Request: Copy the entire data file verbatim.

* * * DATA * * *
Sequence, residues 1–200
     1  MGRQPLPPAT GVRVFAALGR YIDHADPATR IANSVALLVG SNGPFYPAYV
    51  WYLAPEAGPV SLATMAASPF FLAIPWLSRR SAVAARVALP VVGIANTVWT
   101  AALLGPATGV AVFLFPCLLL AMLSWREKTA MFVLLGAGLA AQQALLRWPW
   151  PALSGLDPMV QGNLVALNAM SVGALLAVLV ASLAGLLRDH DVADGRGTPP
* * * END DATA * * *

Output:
Sequence, residues 1–200
     1  MGRQPLPPAT GVRVFAALGR YIDHADPATR IANSVALLVG SNGPFYPAYV
    51  WYLAPEAGPV SLATMAASPF FLAIPWLSRR SAVAARVALP VVGIANTVWT
   101  AALLGPATGV AVFLFPCLLL AMLSWREKTA MFVLLGAGLA AQQALLRWPW
   151  PALSGLDPMV QGNLVALNAM SVGALLAVLV ASLAGLLRDH DVADGRGTPP